If the rest of the reconciliation package can be worked out, and it comes to the choice of overriding the parliamentarian or not, we favor the override as the future of US immigration quite literally hangs in the balance and without some form of immigration relief now, it will be likely many years before the opportunity arises again. (The latest polls indicate that the Republicans are poised to make significant midterm election gains.) The Democrats can only do so if they can band together as one since loss of one member in the Senate and more than a few in the House would spell doom for the effort. If they can achieve unanimity, they would not be specifically confined to Plan C, the most limited plan, but should likely still consider it heavily as there will undoubtedly be legal challenges and the plan that hews closest to being less a substantial change in policy and having a large budgetary impact would be the most defensible.

Q&A’s published on the World Journal Weekly on December 5, 2021 1. Can I change from F-1 student to B-2 tourist and how long would it take to process? 2. While pending parents I-130 in US.  Can they travel out of US?

1. Can I change from F-1 student to B-2 tourist and how long would it take to process?

Can I change from F1 student to B2 tourist? If approved can I travel and come back with tourist visa? Would I be receiving a copy in the mail? How long would it take to process?

Mr. Lee answers,
It may be possible to change from F-1 student to B-2 tourist, but such is mostly impractical at this time to a number of situations. The USCIS service centers are generally backed up on this type of adjudication and could well take over nine months and even longer to make the adjudication. If you file, you will receive a receipt, but it may take a long time before you receive an actual decision. If you decide to file and are still in the US by the time that your requested time is close to expiration, you should leave or take some other action to preserve your nonimmigrant status. Please note that a change of status is not a visa, it is only notated on a paper. If you travel outside the country, you would need to apply for a tourist visa in most cases to return as a tourist.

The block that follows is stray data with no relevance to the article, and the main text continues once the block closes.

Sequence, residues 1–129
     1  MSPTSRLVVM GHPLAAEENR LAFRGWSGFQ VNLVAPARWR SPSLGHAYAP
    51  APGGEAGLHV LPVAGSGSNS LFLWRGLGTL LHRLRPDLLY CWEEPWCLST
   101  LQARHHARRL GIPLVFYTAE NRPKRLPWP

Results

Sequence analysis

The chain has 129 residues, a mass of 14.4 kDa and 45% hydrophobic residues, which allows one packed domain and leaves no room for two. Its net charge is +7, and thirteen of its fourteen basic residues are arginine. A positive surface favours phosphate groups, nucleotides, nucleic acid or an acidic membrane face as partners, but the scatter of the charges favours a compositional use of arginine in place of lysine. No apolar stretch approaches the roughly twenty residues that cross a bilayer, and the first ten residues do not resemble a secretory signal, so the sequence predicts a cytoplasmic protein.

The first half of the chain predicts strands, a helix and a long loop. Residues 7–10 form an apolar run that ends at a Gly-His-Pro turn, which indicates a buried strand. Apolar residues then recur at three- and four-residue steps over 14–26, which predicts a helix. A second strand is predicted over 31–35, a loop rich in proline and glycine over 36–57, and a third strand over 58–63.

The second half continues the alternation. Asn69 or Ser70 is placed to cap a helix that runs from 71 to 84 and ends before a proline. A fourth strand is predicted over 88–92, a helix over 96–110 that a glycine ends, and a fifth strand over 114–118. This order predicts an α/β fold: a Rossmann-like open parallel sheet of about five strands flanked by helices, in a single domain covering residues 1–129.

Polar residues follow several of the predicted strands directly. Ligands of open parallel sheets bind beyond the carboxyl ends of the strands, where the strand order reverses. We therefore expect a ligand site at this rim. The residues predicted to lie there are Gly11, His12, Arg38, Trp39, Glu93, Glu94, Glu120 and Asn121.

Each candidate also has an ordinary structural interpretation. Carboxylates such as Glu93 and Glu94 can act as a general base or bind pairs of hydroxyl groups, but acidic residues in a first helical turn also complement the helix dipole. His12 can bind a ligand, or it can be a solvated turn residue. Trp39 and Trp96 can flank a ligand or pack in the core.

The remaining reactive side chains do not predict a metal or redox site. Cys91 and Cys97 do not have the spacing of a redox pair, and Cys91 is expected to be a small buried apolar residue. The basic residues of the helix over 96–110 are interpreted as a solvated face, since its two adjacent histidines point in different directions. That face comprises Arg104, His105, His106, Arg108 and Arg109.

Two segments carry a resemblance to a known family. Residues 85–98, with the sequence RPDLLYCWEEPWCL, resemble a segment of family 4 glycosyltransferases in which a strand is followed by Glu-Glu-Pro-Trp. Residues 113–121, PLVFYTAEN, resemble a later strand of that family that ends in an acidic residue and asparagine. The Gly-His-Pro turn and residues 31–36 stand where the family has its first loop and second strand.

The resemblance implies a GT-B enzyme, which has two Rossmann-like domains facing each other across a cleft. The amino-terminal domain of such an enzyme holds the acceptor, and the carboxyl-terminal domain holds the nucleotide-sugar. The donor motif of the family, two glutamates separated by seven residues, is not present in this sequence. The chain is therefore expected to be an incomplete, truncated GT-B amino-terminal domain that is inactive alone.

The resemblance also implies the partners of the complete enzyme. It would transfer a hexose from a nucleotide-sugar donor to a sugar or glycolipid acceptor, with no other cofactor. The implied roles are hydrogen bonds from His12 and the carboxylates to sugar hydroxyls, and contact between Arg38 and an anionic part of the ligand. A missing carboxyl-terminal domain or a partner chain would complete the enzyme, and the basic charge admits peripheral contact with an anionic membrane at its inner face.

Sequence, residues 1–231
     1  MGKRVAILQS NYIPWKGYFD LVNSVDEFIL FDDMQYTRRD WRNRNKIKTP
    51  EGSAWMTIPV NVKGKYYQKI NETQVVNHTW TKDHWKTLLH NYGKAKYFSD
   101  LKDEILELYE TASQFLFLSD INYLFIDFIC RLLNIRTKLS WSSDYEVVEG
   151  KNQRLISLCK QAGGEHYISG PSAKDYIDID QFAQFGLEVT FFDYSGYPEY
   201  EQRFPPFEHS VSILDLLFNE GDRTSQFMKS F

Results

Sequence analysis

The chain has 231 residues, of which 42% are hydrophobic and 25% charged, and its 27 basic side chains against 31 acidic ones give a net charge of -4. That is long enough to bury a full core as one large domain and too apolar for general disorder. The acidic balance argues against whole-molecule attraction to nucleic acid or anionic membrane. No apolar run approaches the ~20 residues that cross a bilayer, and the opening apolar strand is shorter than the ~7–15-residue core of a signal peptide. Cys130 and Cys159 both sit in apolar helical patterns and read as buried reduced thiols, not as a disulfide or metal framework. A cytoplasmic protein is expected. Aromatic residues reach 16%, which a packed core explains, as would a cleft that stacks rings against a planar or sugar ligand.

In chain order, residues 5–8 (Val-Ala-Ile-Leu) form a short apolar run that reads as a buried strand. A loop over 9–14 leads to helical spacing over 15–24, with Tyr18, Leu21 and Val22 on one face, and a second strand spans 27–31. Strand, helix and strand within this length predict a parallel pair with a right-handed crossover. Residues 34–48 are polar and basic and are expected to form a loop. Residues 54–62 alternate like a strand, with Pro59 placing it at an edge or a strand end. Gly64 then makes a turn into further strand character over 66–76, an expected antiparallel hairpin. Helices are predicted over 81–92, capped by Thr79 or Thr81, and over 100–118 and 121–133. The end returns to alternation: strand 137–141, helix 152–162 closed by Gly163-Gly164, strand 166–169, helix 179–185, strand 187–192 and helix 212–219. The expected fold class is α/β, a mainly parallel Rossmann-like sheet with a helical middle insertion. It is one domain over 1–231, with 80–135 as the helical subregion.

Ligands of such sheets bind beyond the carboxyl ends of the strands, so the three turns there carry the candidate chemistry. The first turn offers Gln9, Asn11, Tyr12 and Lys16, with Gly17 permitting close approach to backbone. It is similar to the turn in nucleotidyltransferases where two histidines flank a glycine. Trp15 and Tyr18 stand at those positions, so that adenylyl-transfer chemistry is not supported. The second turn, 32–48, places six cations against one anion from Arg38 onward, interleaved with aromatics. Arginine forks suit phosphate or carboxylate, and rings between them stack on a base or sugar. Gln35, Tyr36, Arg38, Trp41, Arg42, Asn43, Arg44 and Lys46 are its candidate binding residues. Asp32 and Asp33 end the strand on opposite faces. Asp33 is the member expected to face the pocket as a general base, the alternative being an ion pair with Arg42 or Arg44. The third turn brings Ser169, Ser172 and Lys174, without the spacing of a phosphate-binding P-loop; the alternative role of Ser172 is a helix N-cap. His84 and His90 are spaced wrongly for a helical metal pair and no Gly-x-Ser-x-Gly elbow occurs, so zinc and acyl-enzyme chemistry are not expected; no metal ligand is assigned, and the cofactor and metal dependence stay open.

2. While pending parents I-130 in US.  Can they travel out of US?

I have filed parents I-130 after 3 months of their arrival in US. I didn’t file I-485 yet. Can they travel out of US and come back on a visitor visa while their I-130 is still pending in US? Do they need to file for travel document I-131? Can they apply for I-485 back home?

Mr. Lee answers:
The difficulty here is that your parents’ visiting visas require nonimmigrant intent, and they could have a problem reentering the country if they are questioned by a CBP officer on that, Probably the best solution is for your parents to file I-485 applications and obtain I-131 advance parole documents to travel in and out of the US during the time of processing. I note that advance parole applications are taking time for USCIS to process, and so your parents may not be able to leave for possibly 5-10 months after filing. I-485’s are only filed in the United States. If your parents wish to process their papers overseas, they would do it on form DS-260 immigrant visa applications.